The Stanford Prison Experiment
The simulated situation depicting a prison cell was part of an experiment set up by Zimbardo and his team. The research was around-
‘What happens to normal people when they are put in a situation where they have authority over others?’ The team also wanted to observe the psychological effects of becoming a prisoner or a prison guard.
In this case, it was prison guards who had the power over prisoners. Mentally balanced, intelligent, and diverse volunteers were randomly selected and divided into groups to be acting as prisoners and guards.
Result- Planned two weeks of experiment was abruptly terminated only after six days!
The situation went out of control. “GOOD”, “NORMAL” youngsters chosen to become guards were depicting a sadistic character, inflicted pain on fellow prisoners, who were but fellow students. In fact, they were doing it without any compunction. “BALANCED” youngsters who were mimicking prisoners had emotional breakdowns. The guards who did not indulge in abuse themselves, still failed to confront the evil, despite knowing it was just an experiment.
Well that’s the thing with Authority. Whether it is about using the power or position in a coercive manner or it is about polite and nice manoeuvres to achieve the end, authority is all about getting people to conform and sustain the set structure. In the above example, it was all about guards trying to discipline prisoners so as to sustain the model on which a prison runs, and to conform to accepted notion of how prisoners are supposed to be treated. Underlying both, was a perception that group simulating guards have an ‘authoritative edge’ over the other group.
Our introduction to authority and this structure happens initially out of dependence.
In order to survive, we need to listen to do’s and don’ts of our parents, they are life skills for an infant. To learn something new, for education, for a technical know-how, we go to our teachers because they know something which we don’t. There is a structure in society, at work, in democracy or in regimes, in relationships, in bureaucracy, or in spiritual world, in business, in all kind of institutions that rely on a particular order or a system. All this is but, ingraining authority in our daily lives. Rebelling against it, breeds fear, of isolation, of seclusion, of failure.
However, the need to feel secure makes us follow. The point isn’t, how this model is about sustaining things and providing a method to be functional. The point is how authority, so deeply imbibed in our structures and psyche effects our actions, purpose and pursuits.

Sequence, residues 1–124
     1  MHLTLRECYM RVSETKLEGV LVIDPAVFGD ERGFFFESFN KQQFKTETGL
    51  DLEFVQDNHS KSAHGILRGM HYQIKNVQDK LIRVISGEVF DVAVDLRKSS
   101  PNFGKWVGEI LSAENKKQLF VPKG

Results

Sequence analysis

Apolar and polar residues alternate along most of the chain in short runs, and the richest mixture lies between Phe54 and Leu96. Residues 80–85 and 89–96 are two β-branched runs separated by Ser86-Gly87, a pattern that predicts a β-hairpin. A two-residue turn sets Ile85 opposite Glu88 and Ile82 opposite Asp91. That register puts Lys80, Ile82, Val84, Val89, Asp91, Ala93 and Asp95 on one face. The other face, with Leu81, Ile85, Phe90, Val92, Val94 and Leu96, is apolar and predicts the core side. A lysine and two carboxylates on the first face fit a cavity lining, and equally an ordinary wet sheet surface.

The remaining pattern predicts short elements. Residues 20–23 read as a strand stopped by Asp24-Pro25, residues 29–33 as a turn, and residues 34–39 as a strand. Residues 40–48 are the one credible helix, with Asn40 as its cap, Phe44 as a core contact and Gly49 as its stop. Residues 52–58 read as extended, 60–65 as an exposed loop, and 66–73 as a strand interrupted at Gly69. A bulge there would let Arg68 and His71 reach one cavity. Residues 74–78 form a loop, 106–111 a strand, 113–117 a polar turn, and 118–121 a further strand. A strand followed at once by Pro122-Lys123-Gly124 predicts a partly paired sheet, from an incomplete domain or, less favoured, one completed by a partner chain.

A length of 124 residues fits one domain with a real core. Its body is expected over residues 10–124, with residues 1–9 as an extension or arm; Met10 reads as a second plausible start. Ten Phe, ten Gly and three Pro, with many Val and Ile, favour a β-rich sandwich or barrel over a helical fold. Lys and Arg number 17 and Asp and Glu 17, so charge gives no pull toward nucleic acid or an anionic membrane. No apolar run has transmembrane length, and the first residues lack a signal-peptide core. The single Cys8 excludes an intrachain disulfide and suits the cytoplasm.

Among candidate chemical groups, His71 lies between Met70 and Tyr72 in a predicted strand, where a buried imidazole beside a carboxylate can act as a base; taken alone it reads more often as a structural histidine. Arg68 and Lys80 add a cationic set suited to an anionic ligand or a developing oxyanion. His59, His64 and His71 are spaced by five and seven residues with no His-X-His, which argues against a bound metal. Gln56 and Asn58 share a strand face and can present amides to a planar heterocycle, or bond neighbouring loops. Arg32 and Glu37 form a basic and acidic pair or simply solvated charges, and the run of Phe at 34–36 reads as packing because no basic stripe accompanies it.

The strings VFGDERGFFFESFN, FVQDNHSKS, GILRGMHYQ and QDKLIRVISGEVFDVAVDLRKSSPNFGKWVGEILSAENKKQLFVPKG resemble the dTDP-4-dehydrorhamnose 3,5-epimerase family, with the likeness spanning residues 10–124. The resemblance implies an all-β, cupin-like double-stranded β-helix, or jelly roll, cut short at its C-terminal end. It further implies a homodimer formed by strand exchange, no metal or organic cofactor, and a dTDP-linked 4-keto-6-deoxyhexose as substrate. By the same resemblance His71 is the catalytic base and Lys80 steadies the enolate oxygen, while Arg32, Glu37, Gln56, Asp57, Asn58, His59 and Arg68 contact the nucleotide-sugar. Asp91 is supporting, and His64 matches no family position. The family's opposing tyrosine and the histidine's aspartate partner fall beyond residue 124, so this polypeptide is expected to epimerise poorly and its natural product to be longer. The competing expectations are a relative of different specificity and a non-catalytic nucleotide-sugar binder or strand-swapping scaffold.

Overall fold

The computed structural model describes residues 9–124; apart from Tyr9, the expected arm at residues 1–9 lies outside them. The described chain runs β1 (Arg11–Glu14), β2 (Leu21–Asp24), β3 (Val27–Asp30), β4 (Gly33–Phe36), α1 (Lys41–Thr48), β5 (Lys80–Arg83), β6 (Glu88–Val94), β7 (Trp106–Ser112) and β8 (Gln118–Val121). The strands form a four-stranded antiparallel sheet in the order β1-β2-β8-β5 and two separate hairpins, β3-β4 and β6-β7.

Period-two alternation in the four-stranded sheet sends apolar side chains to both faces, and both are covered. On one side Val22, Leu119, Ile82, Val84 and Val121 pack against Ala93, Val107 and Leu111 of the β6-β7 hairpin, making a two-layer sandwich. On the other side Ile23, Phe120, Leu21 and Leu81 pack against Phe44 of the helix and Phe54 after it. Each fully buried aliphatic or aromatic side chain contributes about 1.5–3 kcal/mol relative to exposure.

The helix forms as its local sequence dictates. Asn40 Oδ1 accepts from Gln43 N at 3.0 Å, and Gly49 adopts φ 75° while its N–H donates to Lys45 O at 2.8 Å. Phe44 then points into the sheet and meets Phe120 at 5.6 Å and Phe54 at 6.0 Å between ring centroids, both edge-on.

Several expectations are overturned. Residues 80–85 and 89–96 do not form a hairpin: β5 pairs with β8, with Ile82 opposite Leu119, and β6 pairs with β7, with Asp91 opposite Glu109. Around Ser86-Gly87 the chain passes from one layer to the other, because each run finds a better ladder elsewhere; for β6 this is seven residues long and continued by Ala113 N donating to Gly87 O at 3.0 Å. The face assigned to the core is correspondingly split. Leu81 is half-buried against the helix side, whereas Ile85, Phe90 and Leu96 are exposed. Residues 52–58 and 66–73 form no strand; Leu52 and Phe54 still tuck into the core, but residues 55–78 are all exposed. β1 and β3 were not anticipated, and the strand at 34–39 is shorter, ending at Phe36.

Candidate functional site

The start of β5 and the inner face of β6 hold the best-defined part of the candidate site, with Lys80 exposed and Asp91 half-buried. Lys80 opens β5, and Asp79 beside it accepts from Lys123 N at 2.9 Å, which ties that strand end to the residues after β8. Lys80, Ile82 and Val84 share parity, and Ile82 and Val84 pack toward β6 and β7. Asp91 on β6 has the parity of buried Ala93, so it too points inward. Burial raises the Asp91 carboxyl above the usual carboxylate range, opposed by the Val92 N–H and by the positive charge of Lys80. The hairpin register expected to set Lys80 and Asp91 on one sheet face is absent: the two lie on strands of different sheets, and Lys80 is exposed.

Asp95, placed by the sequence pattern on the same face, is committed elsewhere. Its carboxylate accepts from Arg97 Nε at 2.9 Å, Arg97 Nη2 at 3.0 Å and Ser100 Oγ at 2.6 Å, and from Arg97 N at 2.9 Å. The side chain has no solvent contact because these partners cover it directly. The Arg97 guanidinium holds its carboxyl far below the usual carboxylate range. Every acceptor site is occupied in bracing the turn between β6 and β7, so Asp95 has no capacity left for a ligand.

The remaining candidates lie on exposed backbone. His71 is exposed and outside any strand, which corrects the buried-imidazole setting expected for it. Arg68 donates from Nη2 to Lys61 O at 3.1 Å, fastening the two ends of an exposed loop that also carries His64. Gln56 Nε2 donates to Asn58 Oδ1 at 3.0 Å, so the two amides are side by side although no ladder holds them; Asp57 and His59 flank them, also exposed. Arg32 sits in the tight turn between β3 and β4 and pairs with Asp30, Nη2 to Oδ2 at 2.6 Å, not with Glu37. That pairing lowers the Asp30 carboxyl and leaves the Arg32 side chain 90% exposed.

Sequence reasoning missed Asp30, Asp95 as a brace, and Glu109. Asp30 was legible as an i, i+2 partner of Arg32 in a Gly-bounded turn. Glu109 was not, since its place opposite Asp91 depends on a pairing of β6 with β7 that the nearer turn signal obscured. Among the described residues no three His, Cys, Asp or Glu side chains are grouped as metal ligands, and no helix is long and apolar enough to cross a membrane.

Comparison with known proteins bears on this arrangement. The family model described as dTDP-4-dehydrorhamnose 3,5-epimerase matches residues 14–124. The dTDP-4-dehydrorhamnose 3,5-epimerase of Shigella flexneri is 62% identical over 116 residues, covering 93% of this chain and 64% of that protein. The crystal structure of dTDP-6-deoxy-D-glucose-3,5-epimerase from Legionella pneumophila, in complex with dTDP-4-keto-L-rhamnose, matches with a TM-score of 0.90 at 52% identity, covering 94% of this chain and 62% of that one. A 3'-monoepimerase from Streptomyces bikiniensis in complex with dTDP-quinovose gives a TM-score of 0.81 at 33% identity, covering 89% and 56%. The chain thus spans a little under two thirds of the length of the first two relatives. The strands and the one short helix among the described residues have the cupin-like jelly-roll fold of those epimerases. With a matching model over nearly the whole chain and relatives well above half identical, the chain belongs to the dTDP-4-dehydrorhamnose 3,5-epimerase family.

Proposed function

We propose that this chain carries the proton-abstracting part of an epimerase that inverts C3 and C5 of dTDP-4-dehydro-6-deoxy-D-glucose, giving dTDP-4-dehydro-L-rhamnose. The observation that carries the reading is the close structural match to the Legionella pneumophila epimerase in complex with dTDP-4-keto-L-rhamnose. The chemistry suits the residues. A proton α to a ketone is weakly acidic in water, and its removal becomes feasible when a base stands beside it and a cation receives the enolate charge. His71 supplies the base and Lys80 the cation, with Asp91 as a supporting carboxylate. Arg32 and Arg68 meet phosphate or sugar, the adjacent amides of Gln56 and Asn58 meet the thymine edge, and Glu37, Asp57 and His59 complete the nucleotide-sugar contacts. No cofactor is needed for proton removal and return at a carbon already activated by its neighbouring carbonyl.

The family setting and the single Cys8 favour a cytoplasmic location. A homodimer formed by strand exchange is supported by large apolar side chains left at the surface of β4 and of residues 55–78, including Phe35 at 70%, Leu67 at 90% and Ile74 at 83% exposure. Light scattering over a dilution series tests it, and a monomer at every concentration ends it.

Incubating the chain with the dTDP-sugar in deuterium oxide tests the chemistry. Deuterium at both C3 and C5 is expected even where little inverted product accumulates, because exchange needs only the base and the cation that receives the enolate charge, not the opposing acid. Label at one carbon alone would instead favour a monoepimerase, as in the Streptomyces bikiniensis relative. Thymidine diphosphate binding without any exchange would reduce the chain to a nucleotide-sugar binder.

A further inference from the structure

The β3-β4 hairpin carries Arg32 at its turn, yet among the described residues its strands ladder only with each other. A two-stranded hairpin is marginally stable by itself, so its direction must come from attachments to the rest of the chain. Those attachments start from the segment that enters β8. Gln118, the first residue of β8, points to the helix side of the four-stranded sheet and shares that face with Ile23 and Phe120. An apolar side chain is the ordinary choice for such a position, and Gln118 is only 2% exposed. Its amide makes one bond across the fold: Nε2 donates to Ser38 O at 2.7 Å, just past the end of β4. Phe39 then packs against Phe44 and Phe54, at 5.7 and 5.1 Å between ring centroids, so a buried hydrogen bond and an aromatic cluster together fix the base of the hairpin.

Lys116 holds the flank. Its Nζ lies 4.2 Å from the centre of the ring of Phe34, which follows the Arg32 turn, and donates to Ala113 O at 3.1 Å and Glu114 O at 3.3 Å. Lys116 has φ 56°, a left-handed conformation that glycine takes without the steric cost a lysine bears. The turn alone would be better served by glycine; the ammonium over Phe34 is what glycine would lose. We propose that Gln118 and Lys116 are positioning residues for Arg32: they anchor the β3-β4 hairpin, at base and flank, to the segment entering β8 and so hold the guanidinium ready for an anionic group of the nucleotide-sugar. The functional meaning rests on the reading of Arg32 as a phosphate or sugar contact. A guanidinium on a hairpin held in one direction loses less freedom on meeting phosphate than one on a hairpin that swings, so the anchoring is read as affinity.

Positions of Authority (or power or position) create a divide- there is a teacher and his pupils, a boss and subordinates, a guru and his disciples, a head of family and family-members and so on.
There is therefore, someone who knows more, is superior, and in a position that is higher to us- figuratively or psychologically, and literally. We start to judge and evaluate power that others have in relation to our own. Our interactions, instructions, and behaviour, thus, start to get guided from this position of perceived dominance or followership.
Therefore, when we are in positions of authority, others start to appear small. And that is what gets into our heads and may determine our subsequent actions at that point. An action that is often governed by entitlement, superiority, and status.
Isn’t there an inherent contradiction then? How can a structure based on these elements even remotely achieve what it aims to?
Can authority ever lead to a free mind?
Can it breed anything but followership (for good or bad)?
What is that fine line which divides good authority Vs bad when its very construct is division?
Can anything which is not harmonious, even remotely, lead to coherence whether in organizations, or business, or relationships?
Can leadership, whether political, social or in business, exist without authority then? Isn’t this the reason why the most sought after positions of power are the very epicentre of conflict?
Well, perhaps that is why our adherence to the best of the systems often fail to produce results.
Probably that is why conformity can only produce mediocrity. And that is why leaders who are supposed to lead us to harmony fail to give a solution that is conflict free. Because the very plinth on which these are constructed is misplaced, manipulative and hypocrititical. Which brings to mind words from Abraham Lincoln, “Nearly all men can stand adversity, but if you want to test a man’s character, give him power.”